Facebook ‘like’ is protected by 1st Amendment, appeals court rules

Share on FacebookTweet about this on TwitterShare on Google+Share on LinkedInPin on PinterestShare on RedditEmail this to someone
"Liking" a political candidate on Facebook is a form of speech protected by the U.S. Constitution, a federal appeals court says.

“Liking” a political candidate on Facebook is a form of speech protected by the U.S. Constitution, a federal appeals court says.

The next time you click “like” on Facebook, know that you are exercising your freedom of speech.

A federal appeals court in Virginia ruled Wednesday that the act of “liking” a political candidate’s campaign on Facebook is protected by the U.S. Constitution.

In the case, former employees of a sheriff’s office said they lost their jobs as a result of supporting their boss’ opponent by endorsing a campaign page on Facebook, according toBloomberg.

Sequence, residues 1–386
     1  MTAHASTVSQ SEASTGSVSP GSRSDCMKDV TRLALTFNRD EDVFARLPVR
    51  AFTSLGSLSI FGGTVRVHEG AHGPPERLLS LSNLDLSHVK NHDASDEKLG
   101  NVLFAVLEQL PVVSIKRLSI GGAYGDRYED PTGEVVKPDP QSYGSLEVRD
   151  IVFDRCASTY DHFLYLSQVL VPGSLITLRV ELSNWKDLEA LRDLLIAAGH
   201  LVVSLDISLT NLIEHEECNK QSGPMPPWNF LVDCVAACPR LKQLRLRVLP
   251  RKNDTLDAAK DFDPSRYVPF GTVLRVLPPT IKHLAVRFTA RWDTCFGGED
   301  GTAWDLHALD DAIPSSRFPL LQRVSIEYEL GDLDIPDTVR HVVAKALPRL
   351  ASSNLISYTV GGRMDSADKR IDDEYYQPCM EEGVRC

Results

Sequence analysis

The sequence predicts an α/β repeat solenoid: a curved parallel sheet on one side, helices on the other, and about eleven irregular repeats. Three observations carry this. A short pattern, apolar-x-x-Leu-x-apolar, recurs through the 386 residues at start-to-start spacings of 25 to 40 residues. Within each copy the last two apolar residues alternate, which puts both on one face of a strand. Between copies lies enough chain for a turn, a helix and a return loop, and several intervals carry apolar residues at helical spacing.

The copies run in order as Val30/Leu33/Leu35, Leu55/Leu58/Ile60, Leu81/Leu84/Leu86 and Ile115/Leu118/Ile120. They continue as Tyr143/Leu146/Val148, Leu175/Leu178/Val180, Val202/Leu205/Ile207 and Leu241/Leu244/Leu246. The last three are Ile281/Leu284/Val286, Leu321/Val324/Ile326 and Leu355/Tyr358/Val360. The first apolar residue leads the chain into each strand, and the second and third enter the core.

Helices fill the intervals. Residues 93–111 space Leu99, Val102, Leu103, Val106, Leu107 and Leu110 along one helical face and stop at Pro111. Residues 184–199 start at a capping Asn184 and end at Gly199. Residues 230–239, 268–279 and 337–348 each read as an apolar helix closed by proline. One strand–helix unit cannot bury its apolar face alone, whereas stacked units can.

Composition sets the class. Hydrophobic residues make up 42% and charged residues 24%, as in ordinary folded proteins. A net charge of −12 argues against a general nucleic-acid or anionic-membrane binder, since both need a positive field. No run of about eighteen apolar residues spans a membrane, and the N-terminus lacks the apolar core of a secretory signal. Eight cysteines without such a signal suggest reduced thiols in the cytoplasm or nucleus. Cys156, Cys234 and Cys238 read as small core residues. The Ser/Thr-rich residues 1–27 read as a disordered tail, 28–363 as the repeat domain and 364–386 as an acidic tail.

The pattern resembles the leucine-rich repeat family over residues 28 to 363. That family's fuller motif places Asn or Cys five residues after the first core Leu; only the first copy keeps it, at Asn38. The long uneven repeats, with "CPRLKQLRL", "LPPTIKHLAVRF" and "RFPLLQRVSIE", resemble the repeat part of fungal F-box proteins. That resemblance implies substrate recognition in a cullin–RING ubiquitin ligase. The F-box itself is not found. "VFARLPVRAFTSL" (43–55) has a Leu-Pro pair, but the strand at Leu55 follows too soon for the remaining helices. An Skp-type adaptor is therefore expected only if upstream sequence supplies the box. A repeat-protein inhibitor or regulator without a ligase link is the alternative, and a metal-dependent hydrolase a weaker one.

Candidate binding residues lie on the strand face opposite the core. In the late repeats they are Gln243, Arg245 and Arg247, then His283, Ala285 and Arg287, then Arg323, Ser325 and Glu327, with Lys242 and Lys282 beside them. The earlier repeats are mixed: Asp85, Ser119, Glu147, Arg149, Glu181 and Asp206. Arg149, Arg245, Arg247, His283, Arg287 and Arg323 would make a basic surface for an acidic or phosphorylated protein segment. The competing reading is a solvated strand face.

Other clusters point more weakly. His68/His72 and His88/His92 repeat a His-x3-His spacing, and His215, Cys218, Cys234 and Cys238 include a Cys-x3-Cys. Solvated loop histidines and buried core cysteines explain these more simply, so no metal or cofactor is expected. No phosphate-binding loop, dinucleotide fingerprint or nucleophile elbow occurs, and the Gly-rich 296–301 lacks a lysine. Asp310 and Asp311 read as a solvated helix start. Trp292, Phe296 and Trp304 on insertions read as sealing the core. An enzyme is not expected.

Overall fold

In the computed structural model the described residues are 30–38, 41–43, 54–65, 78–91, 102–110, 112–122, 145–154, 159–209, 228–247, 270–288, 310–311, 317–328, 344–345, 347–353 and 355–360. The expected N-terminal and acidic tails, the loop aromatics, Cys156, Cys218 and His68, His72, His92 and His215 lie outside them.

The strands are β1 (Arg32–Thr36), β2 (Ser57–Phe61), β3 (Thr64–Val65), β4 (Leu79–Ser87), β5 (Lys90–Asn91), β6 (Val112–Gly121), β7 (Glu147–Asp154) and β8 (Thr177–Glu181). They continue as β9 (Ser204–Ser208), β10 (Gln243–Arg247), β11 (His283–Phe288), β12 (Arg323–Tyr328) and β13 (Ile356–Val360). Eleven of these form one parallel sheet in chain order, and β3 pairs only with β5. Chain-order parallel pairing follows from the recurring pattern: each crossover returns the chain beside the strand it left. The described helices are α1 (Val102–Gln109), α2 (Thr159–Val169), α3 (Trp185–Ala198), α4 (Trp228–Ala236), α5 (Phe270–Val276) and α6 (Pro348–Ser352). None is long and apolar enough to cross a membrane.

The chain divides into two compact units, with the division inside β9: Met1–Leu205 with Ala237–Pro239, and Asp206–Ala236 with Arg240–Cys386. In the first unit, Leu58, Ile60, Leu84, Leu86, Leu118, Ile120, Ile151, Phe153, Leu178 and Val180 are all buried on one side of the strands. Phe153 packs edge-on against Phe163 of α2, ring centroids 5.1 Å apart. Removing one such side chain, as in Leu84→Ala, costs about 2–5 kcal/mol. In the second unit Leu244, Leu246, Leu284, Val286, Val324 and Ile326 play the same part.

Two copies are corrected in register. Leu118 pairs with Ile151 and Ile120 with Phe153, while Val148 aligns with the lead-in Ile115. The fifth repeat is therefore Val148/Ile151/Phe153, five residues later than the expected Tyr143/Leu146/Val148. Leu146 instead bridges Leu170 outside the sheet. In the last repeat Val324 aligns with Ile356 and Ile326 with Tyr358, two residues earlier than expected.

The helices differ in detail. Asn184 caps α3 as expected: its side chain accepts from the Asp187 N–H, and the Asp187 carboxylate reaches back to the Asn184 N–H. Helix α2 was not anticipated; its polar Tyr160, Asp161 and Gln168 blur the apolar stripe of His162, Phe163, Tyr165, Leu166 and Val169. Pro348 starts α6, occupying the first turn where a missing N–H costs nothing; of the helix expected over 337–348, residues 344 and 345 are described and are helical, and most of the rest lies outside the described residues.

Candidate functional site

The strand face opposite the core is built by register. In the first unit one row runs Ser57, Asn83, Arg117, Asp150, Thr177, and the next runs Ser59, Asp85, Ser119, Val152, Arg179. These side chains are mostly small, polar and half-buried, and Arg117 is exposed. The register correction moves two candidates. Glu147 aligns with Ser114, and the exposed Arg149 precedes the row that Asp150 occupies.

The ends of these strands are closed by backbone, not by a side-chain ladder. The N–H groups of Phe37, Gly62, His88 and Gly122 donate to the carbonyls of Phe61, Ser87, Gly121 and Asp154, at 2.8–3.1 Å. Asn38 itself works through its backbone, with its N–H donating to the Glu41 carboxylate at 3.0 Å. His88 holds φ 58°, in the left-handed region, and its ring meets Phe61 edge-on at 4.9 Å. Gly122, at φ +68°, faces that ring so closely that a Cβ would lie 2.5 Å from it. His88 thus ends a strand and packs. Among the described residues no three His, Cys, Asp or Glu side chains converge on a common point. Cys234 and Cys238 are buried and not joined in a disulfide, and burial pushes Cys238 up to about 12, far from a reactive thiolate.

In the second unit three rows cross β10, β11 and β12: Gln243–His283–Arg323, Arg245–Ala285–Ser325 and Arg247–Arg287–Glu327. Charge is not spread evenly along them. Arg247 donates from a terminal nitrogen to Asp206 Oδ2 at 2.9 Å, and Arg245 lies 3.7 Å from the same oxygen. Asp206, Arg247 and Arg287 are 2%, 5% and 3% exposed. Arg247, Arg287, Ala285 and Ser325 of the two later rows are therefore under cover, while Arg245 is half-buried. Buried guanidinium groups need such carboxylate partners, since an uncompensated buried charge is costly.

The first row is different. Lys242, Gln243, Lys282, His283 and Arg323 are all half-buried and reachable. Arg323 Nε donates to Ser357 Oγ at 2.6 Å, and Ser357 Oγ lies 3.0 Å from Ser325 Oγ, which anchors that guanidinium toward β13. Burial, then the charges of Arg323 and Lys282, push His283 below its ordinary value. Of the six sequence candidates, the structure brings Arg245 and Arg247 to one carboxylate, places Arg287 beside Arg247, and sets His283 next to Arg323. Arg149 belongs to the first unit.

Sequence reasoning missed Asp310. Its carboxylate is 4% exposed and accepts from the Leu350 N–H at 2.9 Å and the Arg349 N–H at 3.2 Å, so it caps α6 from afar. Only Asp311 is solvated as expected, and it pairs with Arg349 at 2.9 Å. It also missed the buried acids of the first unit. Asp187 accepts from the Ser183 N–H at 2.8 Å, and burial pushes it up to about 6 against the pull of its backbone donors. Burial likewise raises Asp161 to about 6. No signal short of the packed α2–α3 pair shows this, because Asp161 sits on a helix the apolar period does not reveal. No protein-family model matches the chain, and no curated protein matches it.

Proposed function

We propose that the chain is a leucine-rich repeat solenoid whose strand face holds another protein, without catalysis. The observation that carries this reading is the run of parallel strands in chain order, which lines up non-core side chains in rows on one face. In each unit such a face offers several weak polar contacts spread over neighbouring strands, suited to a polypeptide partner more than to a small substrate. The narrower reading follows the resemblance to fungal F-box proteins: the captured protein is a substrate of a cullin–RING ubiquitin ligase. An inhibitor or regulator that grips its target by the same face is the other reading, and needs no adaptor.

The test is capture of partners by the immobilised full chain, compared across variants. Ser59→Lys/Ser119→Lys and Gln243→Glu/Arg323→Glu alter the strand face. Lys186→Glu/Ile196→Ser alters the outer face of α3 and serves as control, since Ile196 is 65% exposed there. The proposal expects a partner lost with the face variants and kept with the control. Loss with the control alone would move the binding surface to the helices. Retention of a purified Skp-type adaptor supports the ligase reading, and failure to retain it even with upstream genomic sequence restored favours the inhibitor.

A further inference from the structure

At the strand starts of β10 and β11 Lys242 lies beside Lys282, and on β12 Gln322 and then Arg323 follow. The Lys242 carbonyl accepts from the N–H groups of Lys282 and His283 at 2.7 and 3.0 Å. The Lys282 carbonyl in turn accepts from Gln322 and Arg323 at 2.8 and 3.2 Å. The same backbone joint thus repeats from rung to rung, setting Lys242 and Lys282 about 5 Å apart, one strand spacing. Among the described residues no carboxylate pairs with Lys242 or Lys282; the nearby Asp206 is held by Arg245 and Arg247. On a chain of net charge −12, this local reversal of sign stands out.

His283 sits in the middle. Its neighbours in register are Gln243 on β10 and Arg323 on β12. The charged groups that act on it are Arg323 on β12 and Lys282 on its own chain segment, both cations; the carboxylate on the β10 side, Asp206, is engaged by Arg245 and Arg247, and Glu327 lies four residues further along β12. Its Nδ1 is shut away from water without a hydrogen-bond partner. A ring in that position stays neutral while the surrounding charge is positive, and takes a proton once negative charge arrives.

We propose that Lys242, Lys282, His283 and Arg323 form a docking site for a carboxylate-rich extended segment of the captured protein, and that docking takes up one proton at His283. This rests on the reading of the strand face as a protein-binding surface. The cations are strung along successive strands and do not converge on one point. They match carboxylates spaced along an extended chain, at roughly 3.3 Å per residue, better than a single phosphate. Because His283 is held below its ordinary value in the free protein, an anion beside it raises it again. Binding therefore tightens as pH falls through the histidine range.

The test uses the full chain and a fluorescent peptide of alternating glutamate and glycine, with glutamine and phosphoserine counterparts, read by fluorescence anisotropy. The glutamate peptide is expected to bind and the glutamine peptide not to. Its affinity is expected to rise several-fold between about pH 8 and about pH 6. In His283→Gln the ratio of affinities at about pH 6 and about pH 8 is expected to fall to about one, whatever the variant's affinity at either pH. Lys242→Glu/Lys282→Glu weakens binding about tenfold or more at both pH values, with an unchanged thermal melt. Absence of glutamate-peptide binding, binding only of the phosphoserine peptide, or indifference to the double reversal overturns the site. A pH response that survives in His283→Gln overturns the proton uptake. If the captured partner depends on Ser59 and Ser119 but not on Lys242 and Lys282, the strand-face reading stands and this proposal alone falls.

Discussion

PHOTOS: Top 10 Apple iOS 7 features you should know about

“Liking a political candidate’s campaign page communicates the user’s approval of the candidate and supports the campaign by associating the user with it,” Judge William Traxler wrote, according to Bloomberg. “It is the Internet equivalent of displaying a political sign in one’s front yard, which the Supreme Court has held is substantive speech.”

The decision reverses that of a lower court’s, which had ruled that pressing “Like” did not warrant constitutional protection.

“We are pleased the court recognized that a Facebook “like” is protected by the 1st Amendment,” Pankaj Venugopal, Facebook’s associate general counsel, said in a statement.

Courtesy of Los Angeles Times

About Guest Writer